Ethics & Public Policy Center

How Trump Should Take on Joe Biden

Published in The Washington Post on March 11, 2020


Former vice president Joe Biden may not have clinched the nomination just yet, but he effectively became the Democratic nominee Tuesday night as he crushed Sen. Bernie Sanders (I-Vt.) in the Michigan, Missouri and Mississippi primaries. Trailing in the polls and with a majority disapproving of his job thus far, President Trump starts behind. Trump can change that only if he tackles Biden’s biggest weakness: himself.

It’s no secret that Biden has lost a few steps as he has aged. Time and again, he makes glaring errors when facing unscripted moments. He told South Carolina supporters he was running for the Senate. He also forgot the most famous line from the Declaration of Independence. And that’s just in the past few weeks.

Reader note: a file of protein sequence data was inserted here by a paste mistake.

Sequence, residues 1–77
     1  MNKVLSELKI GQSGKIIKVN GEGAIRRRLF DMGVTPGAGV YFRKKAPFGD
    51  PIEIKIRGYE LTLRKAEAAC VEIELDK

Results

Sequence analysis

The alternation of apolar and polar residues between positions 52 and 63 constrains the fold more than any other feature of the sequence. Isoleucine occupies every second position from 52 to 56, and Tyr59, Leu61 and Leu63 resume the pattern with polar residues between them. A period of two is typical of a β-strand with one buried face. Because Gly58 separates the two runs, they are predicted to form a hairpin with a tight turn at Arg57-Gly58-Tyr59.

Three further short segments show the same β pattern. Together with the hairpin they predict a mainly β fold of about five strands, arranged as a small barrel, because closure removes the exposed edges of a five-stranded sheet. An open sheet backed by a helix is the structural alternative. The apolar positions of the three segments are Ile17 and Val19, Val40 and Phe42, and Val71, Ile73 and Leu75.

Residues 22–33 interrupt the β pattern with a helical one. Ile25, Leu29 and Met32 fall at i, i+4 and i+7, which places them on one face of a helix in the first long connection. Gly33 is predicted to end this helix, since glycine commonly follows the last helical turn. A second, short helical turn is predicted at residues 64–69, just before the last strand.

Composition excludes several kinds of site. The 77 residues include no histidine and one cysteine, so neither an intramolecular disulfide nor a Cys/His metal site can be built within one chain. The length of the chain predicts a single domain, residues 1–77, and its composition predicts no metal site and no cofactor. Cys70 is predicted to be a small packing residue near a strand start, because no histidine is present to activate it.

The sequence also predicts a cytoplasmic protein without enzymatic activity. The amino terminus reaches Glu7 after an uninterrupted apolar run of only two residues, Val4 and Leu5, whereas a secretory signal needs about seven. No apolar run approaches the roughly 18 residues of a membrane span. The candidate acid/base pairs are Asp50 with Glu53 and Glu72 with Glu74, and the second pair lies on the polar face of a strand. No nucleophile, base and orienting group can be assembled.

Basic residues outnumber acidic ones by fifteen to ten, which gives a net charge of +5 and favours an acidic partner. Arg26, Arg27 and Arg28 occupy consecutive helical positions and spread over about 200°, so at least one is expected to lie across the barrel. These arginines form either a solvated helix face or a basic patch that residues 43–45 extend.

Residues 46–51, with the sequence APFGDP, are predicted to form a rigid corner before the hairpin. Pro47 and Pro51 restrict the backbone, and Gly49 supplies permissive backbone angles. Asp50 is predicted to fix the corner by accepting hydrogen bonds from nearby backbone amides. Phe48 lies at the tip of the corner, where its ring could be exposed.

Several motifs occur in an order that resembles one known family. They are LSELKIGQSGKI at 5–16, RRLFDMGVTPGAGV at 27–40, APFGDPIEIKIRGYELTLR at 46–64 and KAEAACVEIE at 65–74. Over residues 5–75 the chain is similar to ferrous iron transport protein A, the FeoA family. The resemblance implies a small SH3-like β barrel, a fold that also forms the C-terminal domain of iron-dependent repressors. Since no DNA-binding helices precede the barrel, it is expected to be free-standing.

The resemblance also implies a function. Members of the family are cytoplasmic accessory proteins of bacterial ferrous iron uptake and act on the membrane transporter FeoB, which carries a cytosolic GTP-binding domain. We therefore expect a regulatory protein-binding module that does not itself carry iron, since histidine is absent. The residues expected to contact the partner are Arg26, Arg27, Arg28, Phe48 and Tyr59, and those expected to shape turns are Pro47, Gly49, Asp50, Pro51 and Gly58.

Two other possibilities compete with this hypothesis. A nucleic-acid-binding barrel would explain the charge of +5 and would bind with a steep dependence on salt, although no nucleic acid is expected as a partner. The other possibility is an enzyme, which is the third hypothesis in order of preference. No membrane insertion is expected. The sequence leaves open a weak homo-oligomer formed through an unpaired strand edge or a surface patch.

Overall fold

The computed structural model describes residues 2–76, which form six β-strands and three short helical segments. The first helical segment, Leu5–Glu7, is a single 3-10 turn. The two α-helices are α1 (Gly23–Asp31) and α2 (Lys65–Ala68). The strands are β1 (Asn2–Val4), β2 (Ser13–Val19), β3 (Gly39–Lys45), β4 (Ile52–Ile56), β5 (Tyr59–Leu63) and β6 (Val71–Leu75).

Biden’s frailty doesn’t stop with his mind. He visibly tires during debates after the first-hour mark. In fact, the Sanders campaign recently accused the Biden camp of pressing for a sit-down format debate, as opposed to a typical two-hour standing debate, for Sunday’s one-on-one appearance with Sanders, which the Biden campaign denied.

Click here to read the rest of this piece at the Washington Post’s website.

Henry Olsen is a senior fellow at the Ethics and Public Policy Center.

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